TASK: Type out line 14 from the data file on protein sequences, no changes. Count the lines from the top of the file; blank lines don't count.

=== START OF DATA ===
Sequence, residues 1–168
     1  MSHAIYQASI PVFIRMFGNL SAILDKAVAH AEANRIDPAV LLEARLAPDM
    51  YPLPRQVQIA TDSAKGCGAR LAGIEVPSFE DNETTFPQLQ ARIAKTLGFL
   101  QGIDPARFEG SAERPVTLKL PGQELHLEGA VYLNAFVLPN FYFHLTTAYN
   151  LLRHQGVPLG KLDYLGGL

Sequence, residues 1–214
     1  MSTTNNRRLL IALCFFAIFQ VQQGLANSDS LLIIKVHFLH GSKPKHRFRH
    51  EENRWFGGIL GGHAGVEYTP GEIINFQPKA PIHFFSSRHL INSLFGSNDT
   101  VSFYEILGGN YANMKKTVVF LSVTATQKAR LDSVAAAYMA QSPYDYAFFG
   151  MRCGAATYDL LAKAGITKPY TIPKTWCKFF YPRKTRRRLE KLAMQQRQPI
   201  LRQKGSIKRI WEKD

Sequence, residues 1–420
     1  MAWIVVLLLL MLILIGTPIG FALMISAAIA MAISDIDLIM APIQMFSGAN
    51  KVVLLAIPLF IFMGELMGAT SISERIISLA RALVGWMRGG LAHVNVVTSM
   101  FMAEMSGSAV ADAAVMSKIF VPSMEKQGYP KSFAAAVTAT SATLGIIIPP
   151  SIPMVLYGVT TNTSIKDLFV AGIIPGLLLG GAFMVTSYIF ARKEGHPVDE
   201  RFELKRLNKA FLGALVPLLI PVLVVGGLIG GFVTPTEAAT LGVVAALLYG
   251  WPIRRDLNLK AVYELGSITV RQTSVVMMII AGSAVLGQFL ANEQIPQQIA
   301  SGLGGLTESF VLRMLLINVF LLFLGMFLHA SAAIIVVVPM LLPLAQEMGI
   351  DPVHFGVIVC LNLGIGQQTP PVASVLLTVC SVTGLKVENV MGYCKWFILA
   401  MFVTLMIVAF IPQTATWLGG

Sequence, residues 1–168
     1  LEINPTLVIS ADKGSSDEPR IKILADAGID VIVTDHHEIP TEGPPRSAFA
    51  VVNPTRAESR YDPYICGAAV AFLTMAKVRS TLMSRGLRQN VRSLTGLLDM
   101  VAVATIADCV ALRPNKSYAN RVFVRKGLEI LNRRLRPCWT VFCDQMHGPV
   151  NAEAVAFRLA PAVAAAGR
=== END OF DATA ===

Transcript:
    51  KVVLLAIPLF IFMGELMGAT SISERIISLA RALVGWMRGG LAHVNVVTSM